Spatial expression of metallothionein, matrix metalloproteinase-1 and Ki-67 in human epidermal wounds treated with zinc and determined by quantitative immunohistochemistry: A randomised double-blind trial

Publikation: Bidrag til tidsskriftTidsskriftartikelForskningfagfællebedømt

Reepithelialisation is fundamental to wound healing, but our current understanding largely relies on cellular and animal studies. The aim of the present randomised double-blind three-arm controlled trial was to correlate genuine epidermal wound healing with key proteins and topical zinc treatment in humans. Sixty wounds were produced using deroofed suction blisters in 30 healthy volunteers and randomised to topical zinc sulphate (n = 20), placebo (n = 20), or control (n = 20) treatment for 4 days. All wounds with perilesional skin were processed for automatic immunostaining of paraffin tissue sections with monoclonal antibodies against Ki-67, metallothionein (MT) and matrix metalloproteinase (MMP)-1. Protein expression was quantified by automated digital image analysis. Epidermal Ki-67 and MT labelling indices were increased in keratinocytes in the neoepidermis (∼1.1 mm) and at the wound edge (0.5 mm) compared to normal skin. Increased MMP-1 immunostaining was restricted to the neoepidermis. MT was robustly upregulated in the upper dermis of the wounds. Zinc treatment enhanced MMP-1 expression beneath the neoepidermis via paracrine mechanisms and MT under the neoepidermis and in the nonepithelialised wound bed via direct actions of zinc as indicated by the induction of MT2A mRNA but not MMP-1 mRNA in cultured normal human dermal fibroblasts by zinc sulphate. The present human study demonstrates that quantitative immunohistochemistry can identify proteins involved in reepithelialisation and actions of external compounds. Increased dermal MT expression may contribute to the anti-inflammatory activities of zinc and increased MMP-1 levels to promote keratinocyte migration.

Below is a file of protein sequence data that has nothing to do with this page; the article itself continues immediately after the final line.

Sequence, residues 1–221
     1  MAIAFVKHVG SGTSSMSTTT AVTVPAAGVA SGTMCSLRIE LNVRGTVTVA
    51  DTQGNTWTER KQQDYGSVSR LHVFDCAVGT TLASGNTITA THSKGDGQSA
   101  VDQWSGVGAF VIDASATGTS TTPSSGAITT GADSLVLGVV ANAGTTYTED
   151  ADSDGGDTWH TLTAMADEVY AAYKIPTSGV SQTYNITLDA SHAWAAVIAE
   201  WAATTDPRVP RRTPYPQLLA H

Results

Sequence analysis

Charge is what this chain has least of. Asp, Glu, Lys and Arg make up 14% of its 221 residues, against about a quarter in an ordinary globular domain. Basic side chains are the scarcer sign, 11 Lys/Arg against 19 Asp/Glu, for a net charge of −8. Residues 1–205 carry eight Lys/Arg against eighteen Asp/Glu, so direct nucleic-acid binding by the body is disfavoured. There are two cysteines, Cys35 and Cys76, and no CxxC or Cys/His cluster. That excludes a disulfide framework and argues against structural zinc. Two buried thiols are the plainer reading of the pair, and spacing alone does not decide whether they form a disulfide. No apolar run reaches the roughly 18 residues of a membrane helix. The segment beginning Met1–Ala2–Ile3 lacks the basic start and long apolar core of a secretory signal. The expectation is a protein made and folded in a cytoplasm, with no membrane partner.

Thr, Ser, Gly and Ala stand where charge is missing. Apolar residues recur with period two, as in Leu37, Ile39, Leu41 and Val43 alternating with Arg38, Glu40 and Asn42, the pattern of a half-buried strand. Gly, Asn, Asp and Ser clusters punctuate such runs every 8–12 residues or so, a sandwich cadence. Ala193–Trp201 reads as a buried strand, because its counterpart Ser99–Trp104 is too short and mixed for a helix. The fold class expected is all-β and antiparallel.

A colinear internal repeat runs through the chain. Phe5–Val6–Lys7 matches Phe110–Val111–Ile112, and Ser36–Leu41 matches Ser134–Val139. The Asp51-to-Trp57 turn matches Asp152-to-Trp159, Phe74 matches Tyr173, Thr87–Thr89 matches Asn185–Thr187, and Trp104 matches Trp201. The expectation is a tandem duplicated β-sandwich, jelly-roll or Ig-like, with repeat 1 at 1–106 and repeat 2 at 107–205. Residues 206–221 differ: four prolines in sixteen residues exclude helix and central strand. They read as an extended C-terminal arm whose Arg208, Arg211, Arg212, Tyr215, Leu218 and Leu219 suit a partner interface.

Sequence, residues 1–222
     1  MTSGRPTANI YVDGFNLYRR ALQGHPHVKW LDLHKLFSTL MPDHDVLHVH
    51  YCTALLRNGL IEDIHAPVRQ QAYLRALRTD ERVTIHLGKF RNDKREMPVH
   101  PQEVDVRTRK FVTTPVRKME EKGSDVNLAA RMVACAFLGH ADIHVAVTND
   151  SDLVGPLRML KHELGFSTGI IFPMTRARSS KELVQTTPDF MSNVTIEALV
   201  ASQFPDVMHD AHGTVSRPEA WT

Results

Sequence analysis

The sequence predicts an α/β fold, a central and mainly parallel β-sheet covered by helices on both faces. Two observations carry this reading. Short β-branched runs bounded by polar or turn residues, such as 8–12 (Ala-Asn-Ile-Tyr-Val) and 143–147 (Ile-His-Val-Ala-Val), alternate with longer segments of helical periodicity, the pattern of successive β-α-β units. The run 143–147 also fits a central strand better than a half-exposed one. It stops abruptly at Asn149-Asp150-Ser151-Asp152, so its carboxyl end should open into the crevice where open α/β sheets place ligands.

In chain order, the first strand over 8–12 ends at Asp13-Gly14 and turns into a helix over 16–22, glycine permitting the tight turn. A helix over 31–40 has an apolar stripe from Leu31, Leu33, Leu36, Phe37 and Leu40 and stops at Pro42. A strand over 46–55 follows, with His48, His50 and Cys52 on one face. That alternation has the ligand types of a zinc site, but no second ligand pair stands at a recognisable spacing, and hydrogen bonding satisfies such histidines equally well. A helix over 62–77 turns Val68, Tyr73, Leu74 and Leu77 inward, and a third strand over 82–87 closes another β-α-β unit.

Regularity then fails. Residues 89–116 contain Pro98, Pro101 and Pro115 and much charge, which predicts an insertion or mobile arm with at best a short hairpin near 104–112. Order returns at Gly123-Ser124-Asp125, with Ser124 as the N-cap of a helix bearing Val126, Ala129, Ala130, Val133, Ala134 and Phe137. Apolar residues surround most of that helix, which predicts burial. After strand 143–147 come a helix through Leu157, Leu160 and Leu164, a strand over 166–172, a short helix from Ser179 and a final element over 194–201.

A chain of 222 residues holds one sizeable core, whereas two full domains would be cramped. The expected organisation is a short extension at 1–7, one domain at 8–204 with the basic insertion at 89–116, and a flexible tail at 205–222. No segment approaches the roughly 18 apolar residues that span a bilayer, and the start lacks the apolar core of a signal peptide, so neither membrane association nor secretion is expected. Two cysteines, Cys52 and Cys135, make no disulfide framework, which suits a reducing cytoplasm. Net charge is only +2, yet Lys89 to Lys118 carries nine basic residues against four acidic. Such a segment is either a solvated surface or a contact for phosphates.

OriginalsprogEngelsk
Artikelnummer151147
TidsskriftEuropean Journal of Cell Biology
Vol/bind100
Antal sider10
ISSN0171-9335
DOI
StatusUdgivet - 2021

ID: 256071922